“My ILM training helped me turn £5k into £85k”

June 28, 2024

As Trusts and Legacy Manager at The Fishermen’s Mission, Andy Perry spends around a third of his time managing and promoting legacies, both internally and externally.

Harnessing the benefits of a 25-year career in banking, followed by two decades working in the legacy field for a number of different charities, he is a keen advocate for the ILM, saying he finds its courses and networking opportunities “invaluable”.

Andy tells us more about his path into legacy management, the importance of treating supporters and donors as investors in a charity’s future, and how the ILM’s courses helped turn a small legacy into something much larger.

Andy Perry is pictured with a preserved fishing trawler on a visit to Grimsby.
Andy Perry is pictured with a preserved fishing trawler on a visit to Grimsby.

When I was made redundant from a high street bank, I realised I had transferable skills to take into a different sector. I had always been involved in doing things for other people, I was a school governor and on the PTA , I helped out at clubs when the children were younger…so I wanted to do something in my career that would make a difference.

I fell into the charity world slightly by accident, working part-time for a local community transport charity; then moved into legacies and trusts, mainly for hospices and a veteran’s charity, before moving in October 2022 to my current role.

The Fishermen’s Mission goes back to Victorian times and its role is to provide support to active and former fishermen and their families, including migrant fishermen from overseas who may be working on UK boats.

People come to us with a range of needs; financial support – for example to buy essential household appliances e.g. a cooker; other times it maybe that they are struggling with their mental health, something which sadly is incredibly common given the erratic and dangerous nature of the fishing industry.

Sometimes it’s more about pastoral or bereavement support, particularly where retired fishermen or their widows are lonely and want someone to chat to.

We also respond if there’s been an emergency at sea, we liaise with other agencies and support all those involved. It’s a very close-knit community and if a man has gone overboard, it affects everyone.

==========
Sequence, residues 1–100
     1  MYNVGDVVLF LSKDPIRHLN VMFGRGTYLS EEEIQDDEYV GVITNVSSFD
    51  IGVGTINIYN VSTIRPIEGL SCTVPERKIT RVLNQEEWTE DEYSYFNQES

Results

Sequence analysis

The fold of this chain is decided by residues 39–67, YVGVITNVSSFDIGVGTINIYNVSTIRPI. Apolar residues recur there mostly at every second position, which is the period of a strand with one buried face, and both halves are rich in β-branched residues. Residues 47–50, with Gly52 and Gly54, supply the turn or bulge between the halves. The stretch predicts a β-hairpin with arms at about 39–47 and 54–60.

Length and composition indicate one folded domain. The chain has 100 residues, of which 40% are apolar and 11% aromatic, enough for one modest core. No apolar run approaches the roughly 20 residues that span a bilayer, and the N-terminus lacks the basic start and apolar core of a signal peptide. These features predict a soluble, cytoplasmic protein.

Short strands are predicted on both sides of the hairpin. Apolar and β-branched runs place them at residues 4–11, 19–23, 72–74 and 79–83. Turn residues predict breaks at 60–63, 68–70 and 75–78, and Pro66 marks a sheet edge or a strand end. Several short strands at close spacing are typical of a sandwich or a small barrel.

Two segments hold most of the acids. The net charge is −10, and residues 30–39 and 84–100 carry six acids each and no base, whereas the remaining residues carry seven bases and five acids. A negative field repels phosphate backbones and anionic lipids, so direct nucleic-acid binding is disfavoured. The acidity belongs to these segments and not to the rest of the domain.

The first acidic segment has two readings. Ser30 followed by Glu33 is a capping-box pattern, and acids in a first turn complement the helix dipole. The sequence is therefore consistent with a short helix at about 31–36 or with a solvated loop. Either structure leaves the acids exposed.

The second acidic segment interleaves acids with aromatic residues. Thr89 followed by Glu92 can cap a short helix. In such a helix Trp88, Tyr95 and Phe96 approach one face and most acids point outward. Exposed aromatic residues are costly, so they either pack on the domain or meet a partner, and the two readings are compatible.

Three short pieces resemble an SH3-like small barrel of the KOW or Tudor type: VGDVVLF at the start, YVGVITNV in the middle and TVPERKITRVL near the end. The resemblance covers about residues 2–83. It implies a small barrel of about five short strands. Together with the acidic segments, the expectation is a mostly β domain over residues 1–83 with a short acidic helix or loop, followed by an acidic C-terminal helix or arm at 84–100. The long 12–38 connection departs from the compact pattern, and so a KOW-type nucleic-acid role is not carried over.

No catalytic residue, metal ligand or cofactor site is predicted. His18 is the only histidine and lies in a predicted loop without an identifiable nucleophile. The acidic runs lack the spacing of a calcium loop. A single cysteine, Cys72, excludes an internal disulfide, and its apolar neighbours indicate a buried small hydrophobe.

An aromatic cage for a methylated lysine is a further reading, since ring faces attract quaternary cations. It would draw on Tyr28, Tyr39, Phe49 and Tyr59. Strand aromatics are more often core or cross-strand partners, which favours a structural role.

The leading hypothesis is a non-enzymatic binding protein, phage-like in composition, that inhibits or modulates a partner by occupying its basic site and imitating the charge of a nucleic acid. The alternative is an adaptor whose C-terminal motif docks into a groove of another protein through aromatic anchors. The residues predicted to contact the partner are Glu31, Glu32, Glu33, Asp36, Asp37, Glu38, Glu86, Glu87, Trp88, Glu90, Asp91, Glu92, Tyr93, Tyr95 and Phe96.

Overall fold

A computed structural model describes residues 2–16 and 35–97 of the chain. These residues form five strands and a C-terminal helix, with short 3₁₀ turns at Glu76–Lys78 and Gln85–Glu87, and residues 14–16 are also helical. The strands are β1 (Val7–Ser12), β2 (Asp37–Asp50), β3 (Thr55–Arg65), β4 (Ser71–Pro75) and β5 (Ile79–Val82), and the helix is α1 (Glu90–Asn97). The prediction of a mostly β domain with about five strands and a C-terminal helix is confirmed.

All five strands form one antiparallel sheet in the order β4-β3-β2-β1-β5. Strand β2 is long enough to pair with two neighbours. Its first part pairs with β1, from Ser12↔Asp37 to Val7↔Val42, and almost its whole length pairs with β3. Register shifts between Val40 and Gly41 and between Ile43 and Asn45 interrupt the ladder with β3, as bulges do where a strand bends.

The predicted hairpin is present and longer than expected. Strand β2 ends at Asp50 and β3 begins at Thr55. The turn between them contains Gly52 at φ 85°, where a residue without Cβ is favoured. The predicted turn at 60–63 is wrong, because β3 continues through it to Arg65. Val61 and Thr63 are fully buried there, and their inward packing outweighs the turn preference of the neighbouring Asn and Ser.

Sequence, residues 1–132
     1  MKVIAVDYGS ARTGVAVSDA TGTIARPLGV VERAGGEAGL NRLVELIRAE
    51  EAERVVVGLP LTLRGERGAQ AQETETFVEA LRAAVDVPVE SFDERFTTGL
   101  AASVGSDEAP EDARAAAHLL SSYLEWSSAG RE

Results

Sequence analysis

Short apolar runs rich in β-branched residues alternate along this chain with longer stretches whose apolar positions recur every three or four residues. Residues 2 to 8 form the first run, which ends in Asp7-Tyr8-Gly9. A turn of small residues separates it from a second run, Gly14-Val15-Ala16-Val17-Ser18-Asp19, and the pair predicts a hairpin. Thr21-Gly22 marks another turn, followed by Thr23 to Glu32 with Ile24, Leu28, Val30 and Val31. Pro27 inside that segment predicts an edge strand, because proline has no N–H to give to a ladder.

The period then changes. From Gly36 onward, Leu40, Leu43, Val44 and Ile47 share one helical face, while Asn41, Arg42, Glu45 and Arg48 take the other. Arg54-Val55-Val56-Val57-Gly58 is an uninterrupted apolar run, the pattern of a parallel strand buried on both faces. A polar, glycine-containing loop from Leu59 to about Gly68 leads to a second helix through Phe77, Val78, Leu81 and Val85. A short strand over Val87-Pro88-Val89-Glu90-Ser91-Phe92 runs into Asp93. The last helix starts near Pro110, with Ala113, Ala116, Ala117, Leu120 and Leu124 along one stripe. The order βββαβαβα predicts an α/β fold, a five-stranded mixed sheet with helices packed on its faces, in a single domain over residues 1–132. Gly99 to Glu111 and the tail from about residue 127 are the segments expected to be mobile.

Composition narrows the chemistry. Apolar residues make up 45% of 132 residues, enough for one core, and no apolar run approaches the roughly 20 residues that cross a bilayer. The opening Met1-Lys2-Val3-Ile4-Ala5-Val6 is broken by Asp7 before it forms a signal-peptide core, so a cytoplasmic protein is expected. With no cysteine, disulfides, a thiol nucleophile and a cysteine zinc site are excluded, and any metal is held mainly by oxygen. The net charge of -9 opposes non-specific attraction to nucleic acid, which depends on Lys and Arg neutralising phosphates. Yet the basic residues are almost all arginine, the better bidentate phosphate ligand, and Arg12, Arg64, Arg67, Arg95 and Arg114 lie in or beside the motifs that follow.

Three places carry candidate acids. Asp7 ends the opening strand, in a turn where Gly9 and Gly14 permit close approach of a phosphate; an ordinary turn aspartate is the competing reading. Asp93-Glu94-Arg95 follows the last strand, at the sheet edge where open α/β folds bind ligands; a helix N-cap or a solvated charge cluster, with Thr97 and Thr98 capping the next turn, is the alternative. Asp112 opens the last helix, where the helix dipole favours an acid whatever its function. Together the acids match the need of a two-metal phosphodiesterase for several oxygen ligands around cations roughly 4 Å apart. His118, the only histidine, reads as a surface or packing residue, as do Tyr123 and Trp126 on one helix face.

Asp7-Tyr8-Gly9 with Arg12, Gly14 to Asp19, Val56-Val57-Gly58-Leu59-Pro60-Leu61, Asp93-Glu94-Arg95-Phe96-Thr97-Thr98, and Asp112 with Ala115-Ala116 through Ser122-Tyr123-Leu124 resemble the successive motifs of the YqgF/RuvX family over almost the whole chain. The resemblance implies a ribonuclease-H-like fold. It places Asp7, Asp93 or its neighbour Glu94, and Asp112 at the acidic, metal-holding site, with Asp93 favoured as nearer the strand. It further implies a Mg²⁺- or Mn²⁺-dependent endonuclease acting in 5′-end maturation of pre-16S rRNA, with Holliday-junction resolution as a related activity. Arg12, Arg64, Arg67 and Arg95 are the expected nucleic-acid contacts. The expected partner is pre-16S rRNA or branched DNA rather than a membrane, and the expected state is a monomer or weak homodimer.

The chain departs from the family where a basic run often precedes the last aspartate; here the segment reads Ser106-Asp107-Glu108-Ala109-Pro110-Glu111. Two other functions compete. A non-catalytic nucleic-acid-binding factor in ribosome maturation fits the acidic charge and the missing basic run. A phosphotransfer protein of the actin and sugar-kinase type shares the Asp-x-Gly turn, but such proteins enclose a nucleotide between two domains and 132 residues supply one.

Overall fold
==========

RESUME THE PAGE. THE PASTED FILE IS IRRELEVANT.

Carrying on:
Meeting supporters

I split my time between home and office working and also love to travel around to see those fishing harbours that are still left and hear all the stories. It’s the lovely thing about the job, chatting over a coffee with people telling you that we were ‘there for them’ and made a difference – it’s always nice to meet the people you are supporting.

Typically, legacy income is around one third of our total income, so it’s hugely important in allowing the charity to deliver its essential services. As the sole legacy person, my time is split 70/30 between legacies (30%) and the remainder of my time on charitable trusts and foundations.

The legacy side covers administration, marketing, stewarding existing supporters who kindly support us in their will and internal engagement with colleagues and volunteers. The charity has around 65 people overall, both in head office and around the country, from the tip of Cornwall to Shetland, Northern Ireland and the Western Isles of Scotland, all on hand to support fishing communities.

I report to the business development director and in terms of the legacy voice being heard, I make sure the topic comes up at business development team meetings and senior management meetings who have been willing to invest in all aspects of legacies. I also report to trustee meetings about legacies.


It can be challenging to get investment in legacy marketing. I see that in a lot of online forums. In a previous hospice role, I managed to get the legacy investment increased quite substantially and I think what people need to do is really understand the market and the potential of legacies. They can then put a business case to the senior management team – and even as far as the trustees if it needs a significant income increase in budget.